What is trigger finger?
Trigger finger and thumb are painful conditions that cause the fingers or thumb to catch or "lock" in a bent position. The problems often stem from inflammation of tendons located within a protective covering called the tendon sheath.
The affected tendons are tough, fibrous bands of tissue that connect the muscles of the forearm to your finger and thumb bones. Together, the tendons and muscles allow you to flex and extend your fingers and thumb, for example when making a fist.
A tendon usually glides quite easily through its sheath, due to a lubricating membrane called synovium. Occasionally a tendon may become inflamed and swollen or nodular. When this happens, moving the finger or thumb may pull the inflamed portion through a constricted tendon sheath making it snap or pop.
What are the symptoms of trigger finger?
One of the first symptoms may be soreness at the base of the finger or thumb. The most common symptom is a painful clicking or snapping when attempting to flex or extend the affected finger. In some cases the finger or thumb that is affected locks in a flexed position, or in an extended position as the condition becomes more severe, and must be gently straightened with the other hand. Joint contractures may eventually occur.
What causes trigger finger?
Trigger finger may be caused by highly repetitive or forceful use of the finger and thumb. Medical conditions that cause changes in tissues--such as rheumatoid arthritis, gout or diabetes--may also result in trigger finger. Prolonged, strenuous grasping, such as with power tools, may also aggravate the condition.
Trigger finger frequently affects farmers, industrial workers, and musicians who rely on their fingers or thumbs for multiple repetitive movements
How is trigger finger treated?
The first step to recovery is to limit activities that aggravate the condition. Occasionally, your physician may put a splint on the affected digit to restrict the joint movement. If symptoms continue, anti-inflammatory medications, such as ibuprofen or naproxen, may be prescribed or steroid injection my be considered. If the condition does not respond to conservative measures or consistently recurs, surgery may be recommended to release the tendon sheath and restore movement.
What is de Quervain's disease?
De Quervain's disease is a painful inflammation of specific tendons of the thumb. The swollen tendons and their coverings cause friction within the narrow tunnel or sheath through which they pass. The result is pain just below the base of the thumb. It is one of the most common types of tendon lining inflammation.
What are the symptoms of de Quervain's?
Pain along the back of the thumb, directly over two thumb tendons is common in cases of de Quervain's. The condition can occur gradually or suddenly, in either case, the pain may travel into the thumb or up the forearm. Thumb motion may be difficult and painful, particularly when pinching or grasping objects.
Some people also experience swelling and pain on the side of the wrist at the base of the thumb. The pain may increase with thumb and wrist motion. Some people feel pain if direct pressure is applied to the area.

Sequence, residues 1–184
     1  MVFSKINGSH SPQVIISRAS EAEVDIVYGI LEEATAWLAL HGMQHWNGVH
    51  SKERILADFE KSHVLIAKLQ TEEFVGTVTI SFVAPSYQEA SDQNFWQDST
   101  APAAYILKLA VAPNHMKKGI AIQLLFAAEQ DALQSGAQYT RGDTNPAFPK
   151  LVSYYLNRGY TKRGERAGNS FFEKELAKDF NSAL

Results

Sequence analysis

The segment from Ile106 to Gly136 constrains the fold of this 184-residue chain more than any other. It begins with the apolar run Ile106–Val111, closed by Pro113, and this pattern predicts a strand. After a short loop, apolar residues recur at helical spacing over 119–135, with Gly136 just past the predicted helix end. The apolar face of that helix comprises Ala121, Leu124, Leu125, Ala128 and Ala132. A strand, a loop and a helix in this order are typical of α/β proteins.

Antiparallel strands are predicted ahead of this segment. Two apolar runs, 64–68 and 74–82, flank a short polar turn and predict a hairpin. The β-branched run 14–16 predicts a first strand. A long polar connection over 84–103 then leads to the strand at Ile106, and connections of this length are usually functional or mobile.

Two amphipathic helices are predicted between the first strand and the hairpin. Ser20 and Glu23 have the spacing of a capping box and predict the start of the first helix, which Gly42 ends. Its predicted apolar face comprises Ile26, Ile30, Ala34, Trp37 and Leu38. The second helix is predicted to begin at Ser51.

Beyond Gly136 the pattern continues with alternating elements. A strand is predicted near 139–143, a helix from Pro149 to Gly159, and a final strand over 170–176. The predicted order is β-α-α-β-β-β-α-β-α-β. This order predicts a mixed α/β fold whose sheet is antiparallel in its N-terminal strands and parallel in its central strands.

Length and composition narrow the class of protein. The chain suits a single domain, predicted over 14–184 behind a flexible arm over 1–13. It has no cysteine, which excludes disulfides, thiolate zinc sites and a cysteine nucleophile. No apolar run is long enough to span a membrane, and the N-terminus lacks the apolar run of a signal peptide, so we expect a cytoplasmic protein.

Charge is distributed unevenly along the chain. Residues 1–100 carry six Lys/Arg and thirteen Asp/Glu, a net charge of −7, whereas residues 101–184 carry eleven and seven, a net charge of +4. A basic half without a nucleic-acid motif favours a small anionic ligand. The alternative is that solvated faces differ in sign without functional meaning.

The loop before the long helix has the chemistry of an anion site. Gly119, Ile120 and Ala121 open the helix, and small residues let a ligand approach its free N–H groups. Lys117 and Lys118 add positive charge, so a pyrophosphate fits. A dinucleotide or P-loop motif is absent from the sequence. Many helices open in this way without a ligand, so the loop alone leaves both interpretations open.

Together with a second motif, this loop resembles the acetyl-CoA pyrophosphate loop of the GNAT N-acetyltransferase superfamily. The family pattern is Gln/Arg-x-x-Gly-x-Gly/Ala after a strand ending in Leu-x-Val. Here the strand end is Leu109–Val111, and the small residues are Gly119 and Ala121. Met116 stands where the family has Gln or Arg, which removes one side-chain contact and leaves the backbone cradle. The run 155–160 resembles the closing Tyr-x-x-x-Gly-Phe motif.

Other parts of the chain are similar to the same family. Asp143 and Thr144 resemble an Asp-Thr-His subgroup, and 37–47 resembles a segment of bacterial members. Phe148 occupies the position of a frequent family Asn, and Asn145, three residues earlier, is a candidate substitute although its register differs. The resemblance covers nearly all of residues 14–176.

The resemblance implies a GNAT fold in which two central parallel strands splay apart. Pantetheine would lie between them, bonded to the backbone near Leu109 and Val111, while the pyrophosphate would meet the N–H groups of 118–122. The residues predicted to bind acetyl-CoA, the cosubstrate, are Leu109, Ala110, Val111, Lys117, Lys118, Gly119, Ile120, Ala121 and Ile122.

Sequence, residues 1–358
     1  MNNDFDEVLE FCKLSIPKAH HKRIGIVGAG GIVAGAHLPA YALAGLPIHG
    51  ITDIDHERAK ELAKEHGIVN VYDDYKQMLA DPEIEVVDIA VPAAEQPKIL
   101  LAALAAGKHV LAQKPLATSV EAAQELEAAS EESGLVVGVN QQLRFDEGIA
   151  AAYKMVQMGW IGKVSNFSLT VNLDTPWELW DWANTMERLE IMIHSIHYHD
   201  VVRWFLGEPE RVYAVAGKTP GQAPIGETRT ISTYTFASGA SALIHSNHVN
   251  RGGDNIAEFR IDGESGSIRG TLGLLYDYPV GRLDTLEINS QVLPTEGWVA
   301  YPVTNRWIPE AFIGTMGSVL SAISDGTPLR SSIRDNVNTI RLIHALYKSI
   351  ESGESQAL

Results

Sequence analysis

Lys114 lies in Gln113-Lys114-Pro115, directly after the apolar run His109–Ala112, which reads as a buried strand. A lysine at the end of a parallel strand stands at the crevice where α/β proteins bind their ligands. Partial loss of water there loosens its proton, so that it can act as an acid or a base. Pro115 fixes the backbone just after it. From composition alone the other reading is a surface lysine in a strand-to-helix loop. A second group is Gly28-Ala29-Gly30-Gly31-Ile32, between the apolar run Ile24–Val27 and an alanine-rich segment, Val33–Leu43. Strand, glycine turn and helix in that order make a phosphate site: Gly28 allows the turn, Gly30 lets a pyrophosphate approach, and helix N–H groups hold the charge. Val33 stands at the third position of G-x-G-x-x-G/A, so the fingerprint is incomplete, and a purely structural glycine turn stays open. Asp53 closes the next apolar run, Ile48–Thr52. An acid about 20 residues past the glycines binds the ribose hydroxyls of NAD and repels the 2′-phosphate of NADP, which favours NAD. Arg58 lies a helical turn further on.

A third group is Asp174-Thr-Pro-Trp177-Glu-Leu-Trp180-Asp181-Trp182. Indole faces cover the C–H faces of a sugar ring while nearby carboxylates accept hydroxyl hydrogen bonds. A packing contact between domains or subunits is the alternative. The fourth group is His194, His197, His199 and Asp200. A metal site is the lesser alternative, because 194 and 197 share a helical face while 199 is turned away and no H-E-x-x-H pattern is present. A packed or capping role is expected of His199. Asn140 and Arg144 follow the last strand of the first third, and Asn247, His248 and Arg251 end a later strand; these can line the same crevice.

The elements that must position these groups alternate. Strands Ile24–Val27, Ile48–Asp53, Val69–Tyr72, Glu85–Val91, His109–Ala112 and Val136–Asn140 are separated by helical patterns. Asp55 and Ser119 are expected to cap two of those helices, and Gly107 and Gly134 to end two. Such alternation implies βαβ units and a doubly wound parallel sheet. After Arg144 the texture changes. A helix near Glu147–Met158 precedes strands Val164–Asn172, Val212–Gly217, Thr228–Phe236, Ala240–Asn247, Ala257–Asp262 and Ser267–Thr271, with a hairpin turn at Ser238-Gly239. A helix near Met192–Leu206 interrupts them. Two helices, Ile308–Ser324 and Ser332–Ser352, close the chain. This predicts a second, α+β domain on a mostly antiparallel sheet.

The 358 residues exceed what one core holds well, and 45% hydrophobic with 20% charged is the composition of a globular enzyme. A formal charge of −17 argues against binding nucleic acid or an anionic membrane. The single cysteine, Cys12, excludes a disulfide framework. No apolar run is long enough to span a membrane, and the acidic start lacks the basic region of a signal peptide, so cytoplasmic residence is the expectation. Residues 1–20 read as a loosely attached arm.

What causes de Quervain's?
Overuse, a direct blow to the thumb, repetitive grasping and certain inflammatory conditions, such as rheumatoid arthritis, can all trigger the disease. Gardening, racquet sports and various workplace tasks are some activities that may aggravate the condition. Often, its cause is unknown. De Quervain's affects women eight to 10 times more often than men.
How is de Quervain's diagnosed?
The test most frequently used to diagnose De Quervain's disease is the Finkelstein test. Your doctor will ask you to make a fist with your thumb placed in your palm. when the wrist is suddenly bent toward the outside, the swollen tendons are pulled throughout the tight space. If this movement is painful, you may have De Quervain's disease.
How is de Quervain's treated?
Treatment usually involves wearing a splint 24 hours a day for four to six weeks to immobilize the affected area and refraining from any activities that aggravate the condition. Ice may be applied to reduce inflammation. If symptoms continue, your doctor may give you anti-inflammatory medication such as naproxen or ibuprofen, to decrease swelling. If de Quervain's disease does not respond to conservative medical treatment, surgery may also be recommended.
Surgery for de Quervain's disease is an outpatient procedure done under local anesthesia. Surgical release of the tight sheath eliminates the friction that worsens the inflammation, restoring the tendons' smooth gliding capability. Upon recovery, your physician will recommend an exercise program to strengthen your thumb and wrist. Recovery times vary, depending on your age, general health and long the symptoms have been present.
In cases that have developed gradually, the disease is usually more resistant to management and improvement in function. It may take longer to achieve symptom relief in these cases.
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the medical advice of your doctor or health care provider.
Please consult your health care provider for advice about a specific medical condition.
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